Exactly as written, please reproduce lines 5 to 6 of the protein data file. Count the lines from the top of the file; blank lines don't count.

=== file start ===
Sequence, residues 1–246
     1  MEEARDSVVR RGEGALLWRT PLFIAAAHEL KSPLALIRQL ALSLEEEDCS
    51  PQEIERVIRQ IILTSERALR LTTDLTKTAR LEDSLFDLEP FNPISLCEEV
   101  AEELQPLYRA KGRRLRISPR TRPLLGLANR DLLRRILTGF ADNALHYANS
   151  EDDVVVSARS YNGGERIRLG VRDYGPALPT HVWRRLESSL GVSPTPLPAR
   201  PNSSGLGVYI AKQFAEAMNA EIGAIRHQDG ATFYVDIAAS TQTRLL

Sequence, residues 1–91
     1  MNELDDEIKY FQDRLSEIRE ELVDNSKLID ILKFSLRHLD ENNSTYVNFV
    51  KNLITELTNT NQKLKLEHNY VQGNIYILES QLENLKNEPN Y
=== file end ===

   151  EDDVVVSARS YNGGERIRLG VRDYGPALPT HVWRRLESSL GVSPTPLPAR
   201  PNSSGLGVYI AKQFAEAMNA EIGAIRHQDG ATFYVDIAAS TQTRLL